All 11 IMRT QA processes studied were in control. In practice, as soon as a result is obtained out of the control limits, then the physicist should immediately identify the reason for the systematic error (e.g., measurement setup, MC input parameters, etc.). The process target (mean value) was non-zero at approximately 0.6 – 0.7%, which could imply an error in the calibration or that other errors are present as well. Phantom setup and the daily variation of machine output should be within 3% so one might expect a process to perform within a 3 or even 5% specifications. However, from a process control point of view, the magnitude and frequency of errors that arise in the process can not be assumed to vary within any expected range. A process could produce a result within or outside those specifications at any time. This is because process performance depends on many additional factors some of which are known and others which are unknown. One is ultimately concerned with answering the question whether or not a process produces the same expected results over time. Control chart limits depend on the magnitude of case-to-case variation, which has been shown as an effective way to identify errors in a process.
 
It is important to identify what is the minimum necessary complexity for QA procedures to efficiently identify errors that indicate a plan may have a negative clinical impact on the patient. In order to achieve this, one requires a metric to indicate process performance against clinical specifications. We have used the capability index, Cpm. The results show (5th column of Table 2) that the processes of IMRT QA are largely not capable of meeting clinical specifications at either the 3% or 5% level. These results are specific to the equipment, protocol, and staff at the institution where the data was acquired.
 
There are some differences comparing the results using Cpm to that of process ability as defined by Pawlicki et al. (2008a); Pawlicki et al. (2008b). For example, using the process ability at 3% and 5% clinical specifications, there are correspondingly 1 of 11 and 5 of 11 processes performing acceptability. In contrast, using Cpm we find 0 of 11 and 2 of 11 of the processes performing acceptably for the 3% and 5% clinical specifications, respectively. Even 10% clinical specifications, only 9 of 11 processes perform acceptably. Cpm is a more comprehensive indicator of process performance compared to process ability. Part of the reason for this is that the process ability is similar to the capability index Cp and does not account for the proximity of the measurements to the target value. Standardization of capability indices is necessary to make this approach clinically useful and relevant across different institutions so that all institutions use the same capability indices when comparing process performance.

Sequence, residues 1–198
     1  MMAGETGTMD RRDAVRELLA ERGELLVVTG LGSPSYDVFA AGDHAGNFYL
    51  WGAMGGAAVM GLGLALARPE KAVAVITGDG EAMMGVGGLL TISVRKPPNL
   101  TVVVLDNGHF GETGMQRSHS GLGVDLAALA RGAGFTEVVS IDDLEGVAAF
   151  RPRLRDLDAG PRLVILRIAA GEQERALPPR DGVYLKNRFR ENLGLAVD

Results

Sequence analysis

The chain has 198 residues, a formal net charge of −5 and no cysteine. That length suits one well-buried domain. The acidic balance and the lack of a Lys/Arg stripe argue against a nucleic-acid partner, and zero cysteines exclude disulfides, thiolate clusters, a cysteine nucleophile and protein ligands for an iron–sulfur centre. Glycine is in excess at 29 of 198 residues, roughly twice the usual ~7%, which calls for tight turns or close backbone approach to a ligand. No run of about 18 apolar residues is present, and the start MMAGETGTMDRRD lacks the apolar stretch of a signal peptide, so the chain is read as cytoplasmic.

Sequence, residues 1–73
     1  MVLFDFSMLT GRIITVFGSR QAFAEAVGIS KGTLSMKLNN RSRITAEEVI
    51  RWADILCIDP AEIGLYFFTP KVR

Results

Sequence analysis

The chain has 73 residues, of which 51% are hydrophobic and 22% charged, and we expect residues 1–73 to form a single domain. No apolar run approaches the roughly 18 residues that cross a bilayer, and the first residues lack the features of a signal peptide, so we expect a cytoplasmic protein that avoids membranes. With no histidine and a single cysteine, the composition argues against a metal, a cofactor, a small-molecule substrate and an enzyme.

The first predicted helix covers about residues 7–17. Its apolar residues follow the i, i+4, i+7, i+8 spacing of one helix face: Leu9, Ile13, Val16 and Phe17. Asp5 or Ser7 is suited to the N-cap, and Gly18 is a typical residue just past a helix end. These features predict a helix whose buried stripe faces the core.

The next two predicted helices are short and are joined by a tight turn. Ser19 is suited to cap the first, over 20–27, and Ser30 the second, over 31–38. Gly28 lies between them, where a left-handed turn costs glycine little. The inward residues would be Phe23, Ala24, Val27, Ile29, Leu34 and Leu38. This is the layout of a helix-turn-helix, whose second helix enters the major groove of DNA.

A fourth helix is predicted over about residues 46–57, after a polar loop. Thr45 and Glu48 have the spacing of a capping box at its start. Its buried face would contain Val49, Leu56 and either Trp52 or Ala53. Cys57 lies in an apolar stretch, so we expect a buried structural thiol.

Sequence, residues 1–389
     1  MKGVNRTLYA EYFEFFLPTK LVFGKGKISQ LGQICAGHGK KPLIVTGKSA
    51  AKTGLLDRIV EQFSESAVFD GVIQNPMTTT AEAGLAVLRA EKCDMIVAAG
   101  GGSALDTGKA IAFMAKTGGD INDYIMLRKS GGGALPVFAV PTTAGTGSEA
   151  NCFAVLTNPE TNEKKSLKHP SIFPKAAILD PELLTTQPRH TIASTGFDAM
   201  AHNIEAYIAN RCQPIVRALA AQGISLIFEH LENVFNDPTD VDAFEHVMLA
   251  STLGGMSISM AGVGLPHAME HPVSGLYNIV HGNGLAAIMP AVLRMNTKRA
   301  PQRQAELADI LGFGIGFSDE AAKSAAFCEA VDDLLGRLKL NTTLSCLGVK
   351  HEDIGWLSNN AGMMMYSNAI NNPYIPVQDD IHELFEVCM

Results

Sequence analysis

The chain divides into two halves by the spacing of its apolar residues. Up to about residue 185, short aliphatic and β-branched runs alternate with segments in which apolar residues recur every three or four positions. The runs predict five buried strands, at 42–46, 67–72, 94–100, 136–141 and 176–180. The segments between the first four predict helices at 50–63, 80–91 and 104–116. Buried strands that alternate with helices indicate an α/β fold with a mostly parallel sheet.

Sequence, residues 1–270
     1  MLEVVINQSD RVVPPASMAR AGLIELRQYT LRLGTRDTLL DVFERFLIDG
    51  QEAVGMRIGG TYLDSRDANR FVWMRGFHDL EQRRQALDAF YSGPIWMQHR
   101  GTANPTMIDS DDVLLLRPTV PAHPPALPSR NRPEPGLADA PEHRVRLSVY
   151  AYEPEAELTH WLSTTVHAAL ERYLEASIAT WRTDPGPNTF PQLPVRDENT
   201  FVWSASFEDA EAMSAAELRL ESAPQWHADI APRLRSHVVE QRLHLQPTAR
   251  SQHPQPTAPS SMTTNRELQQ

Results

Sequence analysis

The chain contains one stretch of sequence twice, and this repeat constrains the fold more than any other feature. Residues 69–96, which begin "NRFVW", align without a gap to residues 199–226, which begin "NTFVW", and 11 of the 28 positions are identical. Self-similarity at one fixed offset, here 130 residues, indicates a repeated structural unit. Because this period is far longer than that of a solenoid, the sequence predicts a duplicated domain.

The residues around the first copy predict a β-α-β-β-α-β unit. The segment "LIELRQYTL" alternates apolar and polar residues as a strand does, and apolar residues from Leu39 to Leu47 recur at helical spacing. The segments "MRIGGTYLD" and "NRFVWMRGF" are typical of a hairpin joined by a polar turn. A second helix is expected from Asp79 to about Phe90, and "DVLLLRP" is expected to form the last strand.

The capability analysis shows that sophisticated phantoms and calculation algorithms alone are not enough to ensure high quality IMRT lung treatments. Either the clinical specifications need to be relaxed or processes of IMRT QA need to be re-engineered to meet the demands of the clinical specifications.
 
Conclusions
 
In this study, the CIRS heterogeneous thorax phantom has been investigated for routine IMRT QA using different measurement and calculation methods. Dose to different locations in the phantom, measured and calculated using IC measurements, and PB calculations were compared with the MC simulations. The PB algorithm overestimated the dose in the lung as compared to measurements and MC simulations but showed good agreement inside bone and tissue equivalent material. Measurements showed good agreement with MC calculations for majority of the patients in lung, bone and tissues. The ability of the processes to meet clinical specifications was found to be limited, however. The results also indicate that additional refinements of the IMRT QA processes are required. This is especially true for calculations and measurements in lung-equivalent media. A process capability index (Cpm) was a useful quantitative parameter for comparing different processes of IMRT QA.
 
Acknowledgements
 
The authors would like to acknowledge Dr. Styliani Flampouri for her helpful discussions. Also we would like to thank Mr. Andrew Kaplan for his help with computer cluster used in this work.